It would be difficult to over-estimate the importance and significance of the extensive gold tooling found on the binding of this small book. An invaluable research aid to those making a comparative study of French 17c decorative bindings.
Raphaël Esmerian, a renouned expert in this field, has, from his extensive research, produced an amazing catalogue of the decorative tooling from this period: Douze Tableaux Synoptiques sur La Reliure au XVII eme Siècle, published in 1972. Evidently Esmerian did not know of this British Library example. His table VI - ANTOINE RUETTE 1640-1669 does not include all the tools used on this binding; however, some of the tools are listed....
|In the diagram above I have compared Esmerian's tool #16 imprint (my numbering) to more or less identical imprints found on my binding and the Davis example. A closer scrutiny of the two imprints shows them to be identical while Esmerian's illustrated type model appears only 'similar'. I am tempted to think however, that the Esmerian figure is not from an actual rubbing but is rather an 'artistic aproximation'. Note that I have not "cleaned up" the imprints or removed intruding nearby imprint details, which could otherwise be attempted to show each individual imprint on its own. Thus, when I say they are identical, I mean that they would appear so if free of the surrounding elements.|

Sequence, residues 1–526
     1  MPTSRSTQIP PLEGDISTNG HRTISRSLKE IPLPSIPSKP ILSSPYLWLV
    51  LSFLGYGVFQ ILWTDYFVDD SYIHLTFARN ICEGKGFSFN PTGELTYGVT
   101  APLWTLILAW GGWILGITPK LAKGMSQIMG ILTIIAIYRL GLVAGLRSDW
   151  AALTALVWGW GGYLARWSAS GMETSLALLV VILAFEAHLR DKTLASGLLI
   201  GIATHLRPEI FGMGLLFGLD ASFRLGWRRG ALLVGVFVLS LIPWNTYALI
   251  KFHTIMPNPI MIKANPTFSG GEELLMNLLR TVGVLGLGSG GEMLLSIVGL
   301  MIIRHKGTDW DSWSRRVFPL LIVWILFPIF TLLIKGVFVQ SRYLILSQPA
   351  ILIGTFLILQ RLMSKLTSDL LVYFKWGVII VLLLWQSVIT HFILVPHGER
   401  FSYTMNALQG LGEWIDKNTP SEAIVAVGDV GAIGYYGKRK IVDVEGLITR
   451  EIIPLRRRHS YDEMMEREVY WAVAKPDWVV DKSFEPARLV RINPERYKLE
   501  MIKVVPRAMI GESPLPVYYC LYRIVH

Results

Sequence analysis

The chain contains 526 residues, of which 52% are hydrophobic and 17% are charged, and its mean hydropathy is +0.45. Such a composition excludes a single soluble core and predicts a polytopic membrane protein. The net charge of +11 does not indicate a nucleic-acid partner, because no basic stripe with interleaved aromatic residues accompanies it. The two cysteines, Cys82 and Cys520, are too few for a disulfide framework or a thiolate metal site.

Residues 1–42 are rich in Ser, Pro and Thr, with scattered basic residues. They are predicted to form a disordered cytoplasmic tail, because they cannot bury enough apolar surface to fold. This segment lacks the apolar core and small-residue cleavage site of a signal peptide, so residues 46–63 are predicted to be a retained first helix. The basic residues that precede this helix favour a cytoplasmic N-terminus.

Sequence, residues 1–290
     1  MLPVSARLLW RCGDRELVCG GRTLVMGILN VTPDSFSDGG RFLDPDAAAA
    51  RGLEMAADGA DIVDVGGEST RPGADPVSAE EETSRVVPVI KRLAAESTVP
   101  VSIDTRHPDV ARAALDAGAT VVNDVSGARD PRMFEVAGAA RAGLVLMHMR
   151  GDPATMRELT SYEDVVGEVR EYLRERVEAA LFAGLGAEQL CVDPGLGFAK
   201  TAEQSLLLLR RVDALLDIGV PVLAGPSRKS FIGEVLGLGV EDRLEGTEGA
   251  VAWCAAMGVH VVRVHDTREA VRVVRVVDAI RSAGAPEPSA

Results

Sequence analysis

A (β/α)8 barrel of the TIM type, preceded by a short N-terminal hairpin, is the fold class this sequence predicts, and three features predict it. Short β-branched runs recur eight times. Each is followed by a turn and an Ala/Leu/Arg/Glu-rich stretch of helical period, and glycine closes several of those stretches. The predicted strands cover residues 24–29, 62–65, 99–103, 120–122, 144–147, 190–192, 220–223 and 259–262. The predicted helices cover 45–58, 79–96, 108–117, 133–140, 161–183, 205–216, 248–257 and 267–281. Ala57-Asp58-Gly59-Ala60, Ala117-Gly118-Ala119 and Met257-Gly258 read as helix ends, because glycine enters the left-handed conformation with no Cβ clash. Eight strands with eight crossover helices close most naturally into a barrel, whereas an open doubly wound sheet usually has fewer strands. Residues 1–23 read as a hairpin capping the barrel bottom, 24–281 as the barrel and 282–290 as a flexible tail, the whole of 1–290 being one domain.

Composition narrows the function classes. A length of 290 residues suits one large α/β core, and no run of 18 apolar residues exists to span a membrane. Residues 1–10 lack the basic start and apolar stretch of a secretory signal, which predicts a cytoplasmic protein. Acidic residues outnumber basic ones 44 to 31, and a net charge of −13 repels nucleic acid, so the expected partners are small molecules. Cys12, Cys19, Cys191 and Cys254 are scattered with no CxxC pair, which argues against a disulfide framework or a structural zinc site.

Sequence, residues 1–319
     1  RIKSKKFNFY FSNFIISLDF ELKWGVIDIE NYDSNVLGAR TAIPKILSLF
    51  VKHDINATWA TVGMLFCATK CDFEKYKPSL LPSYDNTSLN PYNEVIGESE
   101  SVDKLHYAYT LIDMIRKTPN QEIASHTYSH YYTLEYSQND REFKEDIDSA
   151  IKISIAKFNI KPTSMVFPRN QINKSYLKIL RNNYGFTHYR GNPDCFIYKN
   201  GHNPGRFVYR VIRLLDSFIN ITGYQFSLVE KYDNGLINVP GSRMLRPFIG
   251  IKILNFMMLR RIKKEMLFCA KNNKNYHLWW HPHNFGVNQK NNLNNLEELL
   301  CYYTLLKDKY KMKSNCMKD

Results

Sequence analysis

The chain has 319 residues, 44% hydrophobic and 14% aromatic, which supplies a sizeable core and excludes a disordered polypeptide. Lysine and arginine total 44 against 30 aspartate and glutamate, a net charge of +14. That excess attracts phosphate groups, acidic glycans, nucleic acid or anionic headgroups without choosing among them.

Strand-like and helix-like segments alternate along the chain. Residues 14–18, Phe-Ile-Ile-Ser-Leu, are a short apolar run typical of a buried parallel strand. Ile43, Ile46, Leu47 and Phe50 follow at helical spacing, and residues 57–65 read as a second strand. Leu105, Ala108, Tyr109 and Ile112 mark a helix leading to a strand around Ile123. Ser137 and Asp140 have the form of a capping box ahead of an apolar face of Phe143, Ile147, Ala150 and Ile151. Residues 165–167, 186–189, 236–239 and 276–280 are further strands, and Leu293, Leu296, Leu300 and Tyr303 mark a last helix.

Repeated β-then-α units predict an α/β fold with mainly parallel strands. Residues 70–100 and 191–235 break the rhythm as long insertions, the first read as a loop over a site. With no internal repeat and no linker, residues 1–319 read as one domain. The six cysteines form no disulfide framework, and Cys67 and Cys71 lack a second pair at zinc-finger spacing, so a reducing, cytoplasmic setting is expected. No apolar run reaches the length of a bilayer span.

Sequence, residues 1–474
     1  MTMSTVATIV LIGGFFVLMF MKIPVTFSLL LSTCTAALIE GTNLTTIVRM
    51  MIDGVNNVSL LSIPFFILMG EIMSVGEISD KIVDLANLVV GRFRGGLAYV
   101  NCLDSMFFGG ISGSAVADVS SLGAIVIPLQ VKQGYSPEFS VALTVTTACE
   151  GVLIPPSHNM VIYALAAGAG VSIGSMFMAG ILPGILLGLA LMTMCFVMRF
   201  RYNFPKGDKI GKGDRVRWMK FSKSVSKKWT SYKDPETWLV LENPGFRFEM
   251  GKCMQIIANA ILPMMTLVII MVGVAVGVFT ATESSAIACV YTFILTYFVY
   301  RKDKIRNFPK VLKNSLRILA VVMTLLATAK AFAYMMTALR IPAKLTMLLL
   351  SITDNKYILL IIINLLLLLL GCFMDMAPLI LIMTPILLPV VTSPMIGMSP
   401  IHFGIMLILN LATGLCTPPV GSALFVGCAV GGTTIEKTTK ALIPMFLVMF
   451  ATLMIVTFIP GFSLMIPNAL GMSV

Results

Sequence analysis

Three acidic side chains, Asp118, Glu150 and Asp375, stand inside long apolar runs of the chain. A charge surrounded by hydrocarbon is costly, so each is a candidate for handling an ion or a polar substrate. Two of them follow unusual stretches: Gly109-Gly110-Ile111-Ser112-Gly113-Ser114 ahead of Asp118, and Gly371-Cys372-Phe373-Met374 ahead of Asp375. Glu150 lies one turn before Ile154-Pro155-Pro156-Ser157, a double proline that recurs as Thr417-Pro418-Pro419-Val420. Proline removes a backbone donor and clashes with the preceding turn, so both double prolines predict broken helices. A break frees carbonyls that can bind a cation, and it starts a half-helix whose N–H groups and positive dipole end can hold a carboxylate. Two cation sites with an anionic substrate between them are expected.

|In this diagram we see that the imprints are again identical, and that Esmerian's type model #8 closely emulates the actual imprint.|
|This imprint is easy to miss in the complex overlapping details of the Davis465 tooling, while the Esmerian model seems rather a mixture of two similar imprints. As such, it will probably be best to separate the two, perhaps as "15" and "15-2"|